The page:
These models of New York’s Twin Towers by Rolf Bruggink can be stacked to create a pair of columnar lanterns or collapsed to form stools. The Dutch designer created the World Trade Center Stool/Light to mark the 15th anniversary of the September 11 attacks, when the Twin Towers of the New York building complex were destroyed by terrorists.
The cast iron stools designed by Bruggink are produced by Dutch metal-casting company Sanders at 1:180 of the towers’ original scale. Each of the cube-shaped stools has an integrated light and rows of tiny openings designed to represent windows. Seven of the blocks can be stacked to create a miniature replica of one of the towers.
“I tried to make a very neutral art piece.” “The WTC has for many different kinds of people very different meanings.” “Americans will see it, I hope, as a nice memory to a beautiful and important building, a piece of New York.” Subtle variations in the design of each block are intended to reference the World Trade Center towers’ windows, roof and entrances.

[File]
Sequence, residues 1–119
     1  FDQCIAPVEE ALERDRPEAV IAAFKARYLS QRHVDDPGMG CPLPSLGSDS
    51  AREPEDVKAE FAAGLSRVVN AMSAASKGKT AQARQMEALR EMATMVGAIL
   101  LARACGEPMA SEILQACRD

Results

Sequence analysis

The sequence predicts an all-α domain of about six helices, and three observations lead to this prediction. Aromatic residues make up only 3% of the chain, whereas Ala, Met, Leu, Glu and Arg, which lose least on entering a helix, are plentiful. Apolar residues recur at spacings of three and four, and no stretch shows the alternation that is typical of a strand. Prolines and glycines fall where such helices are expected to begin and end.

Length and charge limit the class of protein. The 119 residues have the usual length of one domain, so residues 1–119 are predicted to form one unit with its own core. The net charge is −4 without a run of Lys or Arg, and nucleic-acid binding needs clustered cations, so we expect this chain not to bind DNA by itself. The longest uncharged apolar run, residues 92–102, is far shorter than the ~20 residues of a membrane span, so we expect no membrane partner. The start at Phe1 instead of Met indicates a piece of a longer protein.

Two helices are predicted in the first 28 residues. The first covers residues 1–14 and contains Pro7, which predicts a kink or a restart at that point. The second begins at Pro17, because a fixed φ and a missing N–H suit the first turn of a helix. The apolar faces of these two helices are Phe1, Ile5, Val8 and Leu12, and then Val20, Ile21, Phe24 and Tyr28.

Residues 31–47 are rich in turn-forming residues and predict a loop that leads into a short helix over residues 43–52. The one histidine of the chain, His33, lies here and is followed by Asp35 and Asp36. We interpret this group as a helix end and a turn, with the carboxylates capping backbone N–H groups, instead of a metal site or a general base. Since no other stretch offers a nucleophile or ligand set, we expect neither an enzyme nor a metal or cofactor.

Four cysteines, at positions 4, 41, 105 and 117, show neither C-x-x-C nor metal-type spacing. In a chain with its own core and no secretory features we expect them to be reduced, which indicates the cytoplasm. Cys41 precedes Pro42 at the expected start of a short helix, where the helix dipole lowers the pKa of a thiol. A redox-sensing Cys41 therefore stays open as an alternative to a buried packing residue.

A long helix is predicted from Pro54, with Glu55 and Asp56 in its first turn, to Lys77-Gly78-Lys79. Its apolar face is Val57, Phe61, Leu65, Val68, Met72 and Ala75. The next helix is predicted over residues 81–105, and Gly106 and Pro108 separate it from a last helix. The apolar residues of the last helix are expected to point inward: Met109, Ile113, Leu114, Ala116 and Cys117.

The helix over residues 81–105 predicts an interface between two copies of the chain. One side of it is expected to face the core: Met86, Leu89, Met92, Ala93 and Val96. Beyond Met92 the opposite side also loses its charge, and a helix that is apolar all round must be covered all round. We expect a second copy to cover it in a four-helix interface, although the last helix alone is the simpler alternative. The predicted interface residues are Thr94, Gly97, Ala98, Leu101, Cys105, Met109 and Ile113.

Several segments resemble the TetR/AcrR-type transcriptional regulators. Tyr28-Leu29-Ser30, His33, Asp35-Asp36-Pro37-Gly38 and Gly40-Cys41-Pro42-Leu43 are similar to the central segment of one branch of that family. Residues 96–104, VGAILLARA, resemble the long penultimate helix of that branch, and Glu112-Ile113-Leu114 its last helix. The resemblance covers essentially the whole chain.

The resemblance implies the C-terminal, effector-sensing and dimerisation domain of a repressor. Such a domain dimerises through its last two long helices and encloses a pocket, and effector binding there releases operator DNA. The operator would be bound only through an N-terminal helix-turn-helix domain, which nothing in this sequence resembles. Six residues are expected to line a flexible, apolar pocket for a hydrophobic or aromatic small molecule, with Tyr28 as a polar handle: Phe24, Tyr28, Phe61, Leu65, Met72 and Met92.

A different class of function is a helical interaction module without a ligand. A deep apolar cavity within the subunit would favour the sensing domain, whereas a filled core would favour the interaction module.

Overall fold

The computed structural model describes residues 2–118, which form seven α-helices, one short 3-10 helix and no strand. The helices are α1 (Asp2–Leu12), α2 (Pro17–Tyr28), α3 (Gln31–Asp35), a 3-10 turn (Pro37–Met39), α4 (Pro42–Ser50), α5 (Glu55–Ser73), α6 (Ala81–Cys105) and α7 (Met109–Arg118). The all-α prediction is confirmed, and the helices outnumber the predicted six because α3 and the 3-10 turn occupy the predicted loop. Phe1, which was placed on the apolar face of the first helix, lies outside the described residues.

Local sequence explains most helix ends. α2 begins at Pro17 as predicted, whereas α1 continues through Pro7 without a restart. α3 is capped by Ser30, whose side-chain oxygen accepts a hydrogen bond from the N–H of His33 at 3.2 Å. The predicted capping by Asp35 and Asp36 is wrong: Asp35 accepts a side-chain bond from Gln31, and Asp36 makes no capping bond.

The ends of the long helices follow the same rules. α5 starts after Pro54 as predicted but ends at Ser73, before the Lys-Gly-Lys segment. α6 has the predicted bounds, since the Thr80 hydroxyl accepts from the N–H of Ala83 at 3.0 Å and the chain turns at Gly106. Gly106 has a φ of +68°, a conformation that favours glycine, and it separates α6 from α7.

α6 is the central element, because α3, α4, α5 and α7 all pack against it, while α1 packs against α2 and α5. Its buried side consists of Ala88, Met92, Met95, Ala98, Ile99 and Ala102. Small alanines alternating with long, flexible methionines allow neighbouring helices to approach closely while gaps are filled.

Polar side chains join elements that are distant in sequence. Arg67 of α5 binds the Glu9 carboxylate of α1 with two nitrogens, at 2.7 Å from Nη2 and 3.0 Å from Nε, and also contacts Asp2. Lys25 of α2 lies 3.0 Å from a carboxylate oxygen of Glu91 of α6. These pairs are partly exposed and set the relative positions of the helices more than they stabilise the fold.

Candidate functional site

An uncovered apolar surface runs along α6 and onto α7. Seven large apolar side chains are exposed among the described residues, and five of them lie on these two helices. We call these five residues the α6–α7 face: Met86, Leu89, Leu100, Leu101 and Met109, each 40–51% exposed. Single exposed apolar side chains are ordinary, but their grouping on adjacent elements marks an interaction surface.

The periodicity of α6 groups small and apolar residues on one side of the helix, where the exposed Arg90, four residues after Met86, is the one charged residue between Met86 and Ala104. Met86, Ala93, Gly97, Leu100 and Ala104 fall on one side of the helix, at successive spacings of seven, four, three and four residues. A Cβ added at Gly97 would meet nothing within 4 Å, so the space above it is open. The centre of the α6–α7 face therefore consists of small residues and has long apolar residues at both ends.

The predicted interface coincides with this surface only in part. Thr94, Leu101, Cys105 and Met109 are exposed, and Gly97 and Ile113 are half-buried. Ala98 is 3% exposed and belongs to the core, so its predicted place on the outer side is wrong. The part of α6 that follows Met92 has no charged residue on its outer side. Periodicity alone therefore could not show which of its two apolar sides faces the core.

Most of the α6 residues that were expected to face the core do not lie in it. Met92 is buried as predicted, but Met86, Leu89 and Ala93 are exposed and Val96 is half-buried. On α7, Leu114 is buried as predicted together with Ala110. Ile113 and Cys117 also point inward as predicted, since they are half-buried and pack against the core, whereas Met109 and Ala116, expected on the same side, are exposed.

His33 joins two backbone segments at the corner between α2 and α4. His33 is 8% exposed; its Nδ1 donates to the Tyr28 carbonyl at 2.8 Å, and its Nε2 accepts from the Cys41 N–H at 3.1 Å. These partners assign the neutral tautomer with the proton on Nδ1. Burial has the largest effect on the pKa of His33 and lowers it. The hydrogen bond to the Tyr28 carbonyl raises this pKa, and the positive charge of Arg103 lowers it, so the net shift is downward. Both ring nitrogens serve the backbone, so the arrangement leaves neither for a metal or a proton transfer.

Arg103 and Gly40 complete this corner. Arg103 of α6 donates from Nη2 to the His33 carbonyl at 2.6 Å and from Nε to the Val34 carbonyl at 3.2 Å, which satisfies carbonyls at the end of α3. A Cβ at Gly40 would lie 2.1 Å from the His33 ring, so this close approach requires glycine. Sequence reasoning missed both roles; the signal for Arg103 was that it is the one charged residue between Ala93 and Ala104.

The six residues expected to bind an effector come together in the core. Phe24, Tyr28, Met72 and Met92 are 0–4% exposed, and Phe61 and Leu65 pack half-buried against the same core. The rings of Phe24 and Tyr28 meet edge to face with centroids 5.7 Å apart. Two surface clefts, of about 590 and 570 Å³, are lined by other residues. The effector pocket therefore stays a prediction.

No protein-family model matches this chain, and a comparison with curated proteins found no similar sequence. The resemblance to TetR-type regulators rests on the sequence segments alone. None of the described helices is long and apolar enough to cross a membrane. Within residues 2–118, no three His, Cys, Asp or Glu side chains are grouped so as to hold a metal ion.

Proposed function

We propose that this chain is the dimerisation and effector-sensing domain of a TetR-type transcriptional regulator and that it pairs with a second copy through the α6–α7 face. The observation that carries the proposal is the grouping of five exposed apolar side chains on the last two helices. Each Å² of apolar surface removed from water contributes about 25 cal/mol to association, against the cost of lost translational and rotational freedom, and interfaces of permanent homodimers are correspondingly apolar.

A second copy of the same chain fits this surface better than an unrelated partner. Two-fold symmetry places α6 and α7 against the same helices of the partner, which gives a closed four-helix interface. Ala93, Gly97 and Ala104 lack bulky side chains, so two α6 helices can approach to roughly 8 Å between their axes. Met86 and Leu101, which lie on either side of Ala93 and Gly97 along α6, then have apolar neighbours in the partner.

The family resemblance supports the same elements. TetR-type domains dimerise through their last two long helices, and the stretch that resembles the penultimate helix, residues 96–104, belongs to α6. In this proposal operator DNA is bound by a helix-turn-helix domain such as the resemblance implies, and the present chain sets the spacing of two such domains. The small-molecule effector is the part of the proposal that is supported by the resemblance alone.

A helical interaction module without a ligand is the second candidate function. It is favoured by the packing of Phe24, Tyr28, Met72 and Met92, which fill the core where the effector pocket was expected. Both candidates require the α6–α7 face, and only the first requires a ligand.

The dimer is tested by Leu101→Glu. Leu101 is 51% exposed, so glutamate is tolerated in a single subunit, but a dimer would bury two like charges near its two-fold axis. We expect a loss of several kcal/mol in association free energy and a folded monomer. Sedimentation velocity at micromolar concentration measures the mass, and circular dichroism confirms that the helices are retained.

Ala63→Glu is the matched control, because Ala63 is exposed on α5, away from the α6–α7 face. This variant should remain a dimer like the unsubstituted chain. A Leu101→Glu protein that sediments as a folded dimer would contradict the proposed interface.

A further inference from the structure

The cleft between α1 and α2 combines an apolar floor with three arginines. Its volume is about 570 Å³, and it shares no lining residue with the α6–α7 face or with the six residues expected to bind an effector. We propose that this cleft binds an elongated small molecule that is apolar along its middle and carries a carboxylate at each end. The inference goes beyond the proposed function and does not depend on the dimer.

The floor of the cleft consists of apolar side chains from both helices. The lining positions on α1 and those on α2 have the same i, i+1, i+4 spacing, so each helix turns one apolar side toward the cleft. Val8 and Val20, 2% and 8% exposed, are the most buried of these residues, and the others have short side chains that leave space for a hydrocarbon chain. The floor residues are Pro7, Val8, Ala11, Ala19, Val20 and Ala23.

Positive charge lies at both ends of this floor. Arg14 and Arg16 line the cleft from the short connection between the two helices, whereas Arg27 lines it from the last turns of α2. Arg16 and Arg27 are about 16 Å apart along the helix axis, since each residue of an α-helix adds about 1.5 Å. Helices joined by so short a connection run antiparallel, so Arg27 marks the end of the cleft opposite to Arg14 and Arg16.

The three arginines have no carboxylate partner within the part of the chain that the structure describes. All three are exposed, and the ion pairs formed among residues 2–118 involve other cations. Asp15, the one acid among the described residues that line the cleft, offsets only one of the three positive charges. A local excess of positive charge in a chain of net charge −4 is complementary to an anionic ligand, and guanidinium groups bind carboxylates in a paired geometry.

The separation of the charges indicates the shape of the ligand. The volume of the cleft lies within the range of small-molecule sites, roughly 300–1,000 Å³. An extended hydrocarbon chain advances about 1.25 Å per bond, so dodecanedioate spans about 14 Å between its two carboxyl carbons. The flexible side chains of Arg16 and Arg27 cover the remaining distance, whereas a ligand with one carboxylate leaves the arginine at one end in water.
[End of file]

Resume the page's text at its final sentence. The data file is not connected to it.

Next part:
One block designed to form the base of each tower is surrounded by a series of small arched openings, reflecting the facade of the buildings’ entrance halls. Bruggink launched the stool to coincide with the anniversary of the September 11 attacks. “I launched it now because it was 15 years ago that the towers were attacked,” told Bruggink. “For me – and I think my generation – it is like yesterday. But there is a whole new generation for who it is really history.”
“Through a careful and detailed transformation of the Twin Towers into practical objects, attention is focused on the formal qualities of these buildings, leaving open any associations that may be evoked by the events of their collapse.” The Twin Towers had been designed by Minoru Yamasaki and opened in 1973. After their destruction, architect Daniel Libeskind was tasked with creating a masterplan for the site in Lower Manhattan.
Design: Rolf Bruggink
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